What's triggering my GitHub API rate limit?
I was happily hacking away at INAV‘s codebase, and as usual I fired up its configurator to test some changes. When trying to flash my build, though, I noticed something weird: the dropdowns that are usually populated by the project’s GitHub releases wouldn’t load and the log pointed to a rate limiting issue.
“API rate limit exceeded for 198.51.100.42. (But here’s the good news: Authenticated requests get a higher rate limit. Check out the documentation for more details.)”
I didn’t think too much of that, I had to flash my local build without losing my train of thought - “I’ll get back to that later, it’s probably just some development tool misbehaving” was quickly appointed as a solution and I forgot about it all. In the following months the issue cropped up again every now and then, but since this kind of things are subtle enough to manifest themselves only when you’re working on something else that had to ship yesterday, I usually fell back to firing up my VPN of choice for a couple of seconds and temporarily circumventing the root cause of the problem rather than properly investigating on what was actually causing the (unwanted, presumably?) traffic.
This morning I was doing some maintenance on other systems and it seemed a good moment to spend a couple of minutes investigating the issue; before I knew it the sun had set, I had skipped lunch, and several notifications had piled up on my smartphone. Business as usual. *Dramatization*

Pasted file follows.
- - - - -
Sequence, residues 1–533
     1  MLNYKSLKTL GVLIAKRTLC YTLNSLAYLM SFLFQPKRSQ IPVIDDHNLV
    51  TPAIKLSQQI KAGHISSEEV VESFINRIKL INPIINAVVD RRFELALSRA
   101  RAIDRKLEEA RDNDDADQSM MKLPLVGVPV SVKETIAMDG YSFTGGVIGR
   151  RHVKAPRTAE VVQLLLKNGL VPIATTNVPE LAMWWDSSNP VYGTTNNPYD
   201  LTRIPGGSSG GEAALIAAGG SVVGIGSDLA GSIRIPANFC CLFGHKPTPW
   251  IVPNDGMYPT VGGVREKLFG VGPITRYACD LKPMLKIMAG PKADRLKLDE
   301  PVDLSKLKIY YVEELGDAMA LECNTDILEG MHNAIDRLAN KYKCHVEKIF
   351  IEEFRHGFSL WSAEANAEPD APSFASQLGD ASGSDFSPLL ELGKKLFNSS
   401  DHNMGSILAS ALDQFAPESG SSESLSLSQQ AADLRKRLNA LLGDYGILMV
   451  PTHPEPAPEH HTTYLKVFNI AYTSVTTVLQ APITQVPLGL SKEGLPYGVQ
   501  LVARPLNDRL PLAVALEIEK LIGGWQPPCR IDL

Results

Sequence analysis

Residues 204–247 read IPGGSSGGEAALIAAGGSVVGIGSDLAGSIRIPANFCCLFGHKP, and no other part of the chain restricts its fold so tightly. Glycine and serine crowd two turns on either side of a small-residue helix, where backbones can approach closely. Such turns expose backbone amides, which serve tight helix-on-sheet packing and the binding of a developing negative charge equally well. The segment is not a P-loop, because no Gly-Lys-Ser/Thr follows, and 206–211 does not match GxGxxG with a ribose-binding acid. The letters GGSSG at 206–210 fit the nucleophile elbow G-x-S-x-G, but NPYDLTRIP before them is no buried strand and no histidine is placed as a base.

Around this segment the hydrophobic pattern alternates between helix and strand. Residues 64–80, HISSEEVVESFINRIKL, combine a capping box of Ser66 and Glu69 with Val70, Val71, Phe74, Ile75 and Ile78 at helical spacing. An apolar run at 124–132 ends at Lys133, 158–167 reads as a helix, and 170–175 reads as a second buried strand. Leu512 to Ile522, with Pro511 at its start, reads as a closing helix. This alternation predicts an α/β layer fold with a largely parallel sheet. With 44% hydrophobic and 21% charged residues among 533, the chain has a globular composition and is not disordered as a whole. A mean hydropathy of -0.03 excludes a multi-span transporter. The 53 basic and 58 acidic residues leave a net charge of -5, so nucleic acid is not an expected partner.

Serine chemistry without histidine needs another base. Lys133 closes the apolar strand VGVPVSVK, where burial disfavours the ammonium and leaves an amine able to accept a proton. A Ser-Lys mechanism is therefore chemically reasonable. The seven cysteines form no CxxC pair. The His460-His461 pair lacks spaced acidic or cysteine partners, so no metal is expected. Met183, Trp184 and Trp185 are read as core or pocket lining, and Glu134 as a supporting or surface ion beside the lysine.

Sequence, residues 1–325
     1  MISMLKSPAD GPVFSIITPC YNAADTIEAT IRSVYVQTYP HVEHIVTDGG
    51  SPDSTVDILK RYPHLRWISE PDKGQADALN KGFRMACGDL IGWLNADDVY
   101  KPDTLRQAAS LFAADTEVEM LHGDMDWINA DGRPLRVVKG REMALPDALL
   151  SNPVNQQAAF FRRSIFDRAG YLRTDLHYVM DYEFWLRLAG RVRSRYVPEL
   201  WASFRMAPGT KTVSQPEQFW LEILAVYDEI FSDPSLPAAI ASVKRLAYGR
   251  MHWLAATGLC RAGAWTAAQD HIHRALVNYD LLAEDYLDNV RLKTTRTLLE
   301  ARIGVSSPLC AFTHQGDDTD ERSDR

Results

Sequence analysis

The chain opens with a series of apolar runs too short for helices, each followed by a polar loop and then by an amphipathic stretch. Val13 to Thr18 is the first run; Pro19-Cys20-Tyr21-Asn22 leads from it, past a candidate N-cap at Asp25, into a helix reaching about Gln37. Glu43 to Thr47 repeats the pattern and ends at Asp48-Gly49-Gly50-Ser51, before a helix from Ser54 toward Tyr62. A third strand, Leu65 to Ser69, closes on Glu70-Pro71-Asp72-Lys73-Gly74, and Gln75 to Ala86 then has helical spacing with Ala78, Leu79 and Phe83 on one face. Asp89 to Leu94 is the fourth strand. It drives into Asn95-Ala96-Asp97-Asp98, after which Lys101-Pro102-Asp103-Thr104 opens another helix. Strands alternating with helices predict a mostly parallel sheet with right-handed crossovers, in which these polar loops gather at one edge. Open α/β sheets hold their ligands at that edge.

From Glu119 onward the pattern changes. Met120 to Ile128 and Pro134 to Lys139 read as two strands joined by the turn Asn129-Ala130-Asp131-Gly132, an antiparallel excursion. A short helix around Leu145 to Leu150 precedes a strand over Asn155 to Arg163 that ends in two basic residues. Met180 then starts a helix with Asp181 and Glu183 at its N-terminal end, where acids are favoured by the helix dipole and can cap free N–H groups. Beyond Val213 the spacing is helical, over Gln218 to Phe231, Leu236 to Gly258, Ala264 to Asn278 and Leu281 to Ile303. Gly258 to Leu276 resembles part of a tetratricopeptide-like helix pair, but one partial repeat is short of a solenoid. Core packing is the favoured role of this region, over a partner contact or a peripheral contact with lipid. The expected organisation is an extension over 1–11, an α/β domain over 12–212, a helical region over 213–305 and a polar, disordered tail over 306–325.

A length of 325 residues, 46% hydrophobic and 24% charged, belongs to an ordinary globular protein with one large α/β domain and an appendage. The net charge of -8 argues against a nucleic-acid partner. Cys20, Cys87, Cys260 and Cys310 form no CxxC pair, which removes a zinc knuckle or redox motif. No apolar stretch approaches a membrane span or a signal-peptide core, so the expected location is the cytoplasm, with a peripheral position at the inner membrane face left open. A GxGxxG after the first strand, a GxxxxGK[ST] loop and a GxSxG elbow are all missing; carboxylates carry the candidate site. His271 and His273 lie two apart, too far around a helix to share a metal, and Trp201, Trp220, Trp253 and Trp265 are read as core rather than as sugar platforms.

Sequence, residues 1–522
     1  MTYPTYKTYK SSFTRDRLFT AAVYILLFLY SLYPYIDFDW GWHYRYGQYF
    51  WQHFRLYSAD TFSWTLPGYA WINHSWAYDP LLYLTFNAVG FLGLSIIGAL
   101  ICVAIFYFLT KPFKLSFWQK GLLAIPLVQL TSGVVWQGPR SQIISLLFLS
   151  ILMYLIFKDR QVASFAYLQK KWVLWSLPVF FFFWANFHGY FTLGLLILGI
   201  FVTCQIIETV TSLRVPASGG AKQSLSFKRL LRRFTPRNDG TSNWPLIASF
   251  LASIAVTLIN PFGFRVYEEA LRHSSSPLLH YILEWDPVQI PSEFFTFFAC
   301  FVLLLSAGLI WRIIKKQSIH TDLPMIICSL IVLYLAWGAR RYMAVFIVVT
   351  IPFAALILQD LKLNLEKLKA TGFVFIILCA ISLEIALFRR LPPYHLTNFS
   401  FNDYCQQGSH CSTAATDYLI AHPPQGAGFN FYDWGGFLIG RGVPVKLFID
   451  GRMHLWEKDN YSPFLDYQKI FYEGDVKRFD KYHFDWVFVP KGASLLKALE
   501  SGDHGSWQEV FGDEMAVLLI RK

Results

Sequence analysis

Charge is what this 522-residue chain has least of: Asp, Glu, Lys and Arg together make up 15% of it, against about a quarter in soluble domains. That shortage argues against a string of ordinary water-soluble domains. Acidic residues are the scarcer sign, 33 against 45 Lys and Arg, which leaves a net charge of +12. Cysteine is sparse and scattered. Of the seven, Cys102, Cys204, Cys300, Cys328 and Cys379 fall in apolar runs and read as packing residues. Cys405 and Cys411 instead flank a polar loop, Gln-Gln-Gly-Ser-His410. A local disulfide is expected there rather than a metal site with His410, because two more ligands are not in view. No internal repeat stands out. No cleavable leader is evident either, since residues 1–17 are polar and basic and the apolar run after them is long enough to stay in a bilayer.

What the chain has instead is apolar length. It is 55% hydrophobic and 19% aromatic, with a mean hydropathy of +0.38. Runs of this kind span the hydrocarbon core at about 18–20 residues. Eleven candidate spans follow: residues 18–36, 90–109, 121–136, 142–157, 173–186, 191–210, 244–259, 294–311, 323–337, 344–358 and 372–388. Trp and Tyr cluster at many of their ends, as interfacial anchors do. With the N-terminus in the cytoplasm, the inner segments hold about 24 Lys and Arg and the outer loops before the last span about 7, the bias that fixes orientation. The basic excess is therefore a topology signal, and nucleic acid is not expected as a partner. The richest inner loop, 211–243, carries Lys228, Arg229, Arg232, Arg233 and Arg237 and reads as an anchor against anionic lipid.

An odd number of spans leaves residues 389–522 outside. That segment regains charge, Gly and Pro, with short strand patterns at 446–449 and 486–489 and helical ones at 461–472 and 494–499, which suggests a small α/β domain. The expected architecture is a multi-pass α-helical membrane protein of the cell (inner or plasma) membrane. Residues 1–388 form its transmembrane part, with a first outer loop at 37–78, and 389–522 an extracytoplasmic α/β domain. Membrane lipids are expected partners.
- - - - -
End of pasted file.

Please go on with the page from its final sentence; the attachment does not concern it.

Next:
It’s always DNS
In the quest of figuring out what was calling GitHub’s APIs frequently enough to exceed their unauthenticated quotas, the first step was locating the machine that was actually generating the traffic.
Fortunately I had already set up DNS logging on my router - see “Logging DNS queries on your EdgeRouter” - so it was just a matter of pulling up Graylog and sifting through a bit of data. A simple aggregation swiftly pointed out the suspect: something on
10.0.10.10 was hitting GH every 5mins on the dot.
Since that IP unsurprisingly matched my main homelab server that hosts a mix of VMs, LXC and Docker containers via Proxmox and Rancher v1, my bets were on a misconfigured update check hidden somewhere in one of those.
Brutef… Erm, binary search
Hoping for a quick solution and taking full advantage of this being a domestic/homelab environment, I first tried the easiest way of locating the misbehaving service: shutting everything down in pools of related services until the issue disappeared.
LXC containers down? No, queries were still there. VMs halted? Nope. Docker containers stopped? Neither. This only meant one thing: the issue was either on bare metal or in the hypervisors/orchestrators themselves. Crap.
By the powers of cross-referencing logs
After some research on the topic and some painful tinkering with
iptables, it was clear that I couldn’t piece together PIDs and their network packets contents in a simple way. Fortunately I also came across this interesting SystemTap script mentioned in a not-so-related ServerFault question. I never had the need to use SystemTap before, but it surely sounded like the right tool for the job: